Norfolk Day 2019: Our favourite ‘Broad Norfolk’ phrases
Learn yew Norfolk!

The Norfolk dialect, also known as ‘Broad Norfolk’, is one of the few remaining regional dialects still in use today. While some words and phrases have died out, the unique vocabulary can still be heard, from the East coast to the Suffolk borders, in its subtle variations.

Norwich is the largest city in Norfolk and became England’s first UNESCO City of Literature in 2012. It is also the proud home of the National Centre for Writing: a place of words debate and ideas. To celebrate Norfolk Day 2019, we wanted to share our favourite local words with you. Have a read and learn a few phrases – and we’ll have a good mardle wi’ ya bor!


(UK, East Anglia dialect) not level, not square, not straight

You’d better put them shelves up again mate, they’re all on-the-huh.

“I never realised this was a phrase specific to Norfolk until I used it at university, to the confused look of my friends.” – Vicki Maitland, Programme Assistant


(UK, East Anglia dialect) a land snail’

Mind you don’t step on that Dodman!

“The Norfolk word for snail is my absolute fave!’ – Florence Reynolds, Programme Officer

‘Keep you a troshin’


(UK, East Anglia dialect) Bidding farewell or ‘take care’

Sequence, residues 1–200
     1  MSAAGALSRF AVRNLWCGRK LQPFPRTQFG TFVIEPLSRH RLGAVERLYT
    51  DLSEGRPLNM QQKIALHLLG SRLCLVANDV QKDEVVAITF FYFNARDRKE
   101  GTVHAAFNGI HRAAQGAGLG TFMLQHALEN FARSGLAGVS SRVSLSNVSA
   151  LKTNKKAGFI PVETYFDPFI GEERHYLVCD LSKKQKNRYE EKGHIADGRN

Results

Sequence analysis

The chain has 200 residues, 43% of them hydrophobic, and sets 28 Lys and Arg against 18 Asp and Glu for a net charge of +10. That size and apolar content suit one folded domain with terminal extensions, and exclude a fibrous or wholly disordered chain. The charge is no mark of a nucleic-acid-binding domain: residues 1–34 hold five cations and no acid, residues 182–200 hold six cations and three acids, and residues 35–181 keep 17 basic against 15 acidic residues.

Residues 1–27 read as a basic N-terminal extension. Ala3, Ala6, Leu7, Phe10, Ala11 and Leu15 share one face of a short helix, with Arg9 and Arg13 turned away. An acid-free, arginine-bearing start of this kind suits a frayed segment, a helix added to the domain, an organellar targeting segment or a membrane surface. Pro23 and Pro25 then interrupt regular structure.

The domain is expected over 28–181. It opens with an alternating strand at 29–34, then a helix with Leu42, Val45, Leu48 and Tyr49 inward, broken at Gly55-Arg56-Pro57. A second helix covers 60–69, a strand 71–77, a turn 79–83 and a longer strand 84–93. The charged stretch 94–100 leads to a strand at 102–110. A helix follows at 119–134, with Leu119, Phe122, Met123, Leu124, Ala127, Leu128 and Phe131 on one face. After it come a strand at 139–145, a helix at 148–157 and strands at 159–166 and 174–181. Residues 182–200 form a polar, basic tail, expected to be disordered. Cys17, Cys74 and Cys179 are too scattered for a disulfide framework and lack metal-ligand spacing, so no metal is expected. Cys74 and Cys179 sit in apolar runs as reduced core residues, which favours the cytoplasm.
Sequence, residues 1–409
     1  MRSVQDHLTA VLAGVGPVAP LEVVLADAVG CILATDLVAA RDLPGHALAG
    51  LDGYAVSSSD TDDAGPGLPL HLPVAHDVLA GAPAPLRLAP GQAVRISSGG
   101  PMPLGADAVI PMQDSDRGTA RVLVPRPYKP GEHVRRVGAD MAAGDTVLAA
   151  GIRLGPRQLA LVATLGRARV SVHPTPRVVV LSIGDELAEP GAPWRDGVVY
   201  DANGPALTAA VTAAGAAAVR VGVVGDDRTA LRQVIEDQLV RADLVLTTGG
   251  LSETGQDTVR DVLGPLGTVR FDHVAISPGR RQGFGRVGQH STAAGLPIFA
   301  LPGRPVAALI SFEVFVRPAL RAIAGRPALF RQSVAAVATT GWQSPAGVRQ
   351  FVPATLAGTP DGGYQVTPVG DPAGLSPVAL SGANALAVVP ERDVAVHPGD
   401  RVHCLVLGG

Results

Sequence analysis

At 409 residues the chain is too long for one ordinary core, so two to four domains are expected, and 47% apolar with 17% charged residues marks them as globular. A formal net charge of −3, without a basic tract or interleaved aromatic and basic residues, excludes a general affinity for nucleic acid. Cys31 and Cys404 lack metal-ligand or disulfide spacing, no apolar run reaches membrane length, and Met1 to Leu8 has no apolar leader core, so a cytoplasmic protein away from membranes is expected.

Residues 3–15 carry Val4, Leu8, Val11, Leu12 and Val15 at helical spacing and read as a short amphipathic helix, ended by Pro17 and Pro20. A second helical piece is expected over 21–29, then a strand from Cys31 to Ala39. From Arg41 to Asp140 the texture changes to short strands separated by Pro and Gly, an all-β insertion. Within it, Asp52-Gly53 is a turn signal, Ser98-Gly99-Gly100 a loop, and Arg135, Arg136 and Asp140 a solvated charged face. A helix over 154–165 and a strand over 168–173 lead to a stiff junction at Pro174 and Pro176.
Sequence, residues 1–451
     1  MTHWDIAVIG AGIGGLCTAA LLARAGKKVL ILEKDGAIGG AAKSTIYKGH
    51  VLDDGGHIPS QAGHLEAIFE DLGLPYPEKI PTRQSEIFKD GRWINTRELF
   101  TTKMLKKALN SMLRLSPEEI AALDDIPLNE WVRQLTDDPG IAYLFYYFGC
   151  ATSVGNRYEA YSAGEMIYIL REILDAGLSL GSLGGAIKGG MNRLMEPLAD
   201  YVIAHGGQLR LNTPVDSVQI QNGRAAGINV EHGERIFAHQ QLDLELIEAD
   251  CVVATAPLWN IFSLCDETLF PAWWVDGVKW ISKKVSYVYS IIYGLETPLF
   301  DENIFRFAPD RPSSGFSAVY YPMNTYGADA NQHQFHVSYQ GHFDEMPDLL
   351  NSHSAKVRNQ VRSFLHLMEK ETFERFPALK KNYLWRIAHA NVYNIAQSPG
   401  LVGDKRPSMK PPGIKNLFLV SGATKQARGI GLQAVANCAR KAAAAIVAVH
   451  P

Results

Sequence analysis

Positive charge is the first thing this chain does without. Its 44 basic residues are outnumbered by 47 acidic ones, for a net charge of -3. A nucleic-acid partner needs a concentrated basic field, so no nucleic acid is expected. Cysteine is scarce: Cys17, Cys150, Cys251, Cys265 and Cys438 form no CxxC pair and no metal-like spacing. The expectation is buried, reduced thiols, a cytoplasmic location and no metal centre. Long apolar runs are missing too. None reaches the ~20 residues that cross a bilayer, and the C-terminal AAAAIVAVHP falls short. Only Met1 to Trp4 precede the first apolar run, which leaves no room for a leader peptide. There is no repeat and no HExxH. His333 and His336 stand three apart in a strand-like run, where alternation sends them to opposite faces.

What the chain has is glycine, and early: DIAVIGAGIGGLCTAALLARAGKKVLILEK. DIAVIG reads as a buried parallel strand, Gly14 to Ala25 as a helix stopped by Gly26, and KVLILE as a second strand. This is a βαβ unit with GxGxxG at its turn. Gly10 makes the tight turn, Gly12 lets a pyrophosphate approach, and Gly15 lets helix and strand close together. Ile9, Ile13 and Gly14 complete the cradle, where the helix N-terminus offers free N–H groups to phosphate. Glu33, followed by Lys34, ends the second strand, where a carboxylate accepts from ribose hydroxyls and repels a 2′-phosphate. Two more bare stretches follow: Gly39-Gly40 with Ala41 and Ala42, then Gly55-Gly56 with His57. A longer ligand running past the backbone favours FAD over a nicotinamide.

Selected by Peggy Hughes, Programme Director

‘Ar yer orrite bor?’


(UK, Norfolk dialect) ‘Hello, how are you mate?’

Ar yer orrite bor? It’s been an age!

“When I lived away from Norfolk and heard someone say that phrase, I immediately felt home and all fuzzy inside.” – Róisín Batty, Communications Assistant

‘Load of ole squit!’


(UK, Norfolk dialect) ‘load of rubbish’ or ‘makes no sense’

He was talking a load of ole squit!

“I remember my Nan saying it a to the radio, particularly whilst listening to the MP at that time who lived in her village in Pulham Market.” – Alice Kent, Director of Communications

‘That craze me.’


(UK, Norfolk dialect) ‘That really winds me up’

That craze me when they talk so loudly…

Selected by Laura Stimson, Programme Manager

‘Afreard, finnicky, hull.’


(UK, Norfolk Dialect) afraid, particular, throw

I was so afreard during last night’s thunderstorm.

There’s a finnicky way of doing this…  

Would you hull that over to me?

Hannah Garrard, Programme Manager, Learning and Participation

We would love to know you favourite Norfolk phrases – tweet us @WriterCentre and have a happy Norfolk Day 2019!

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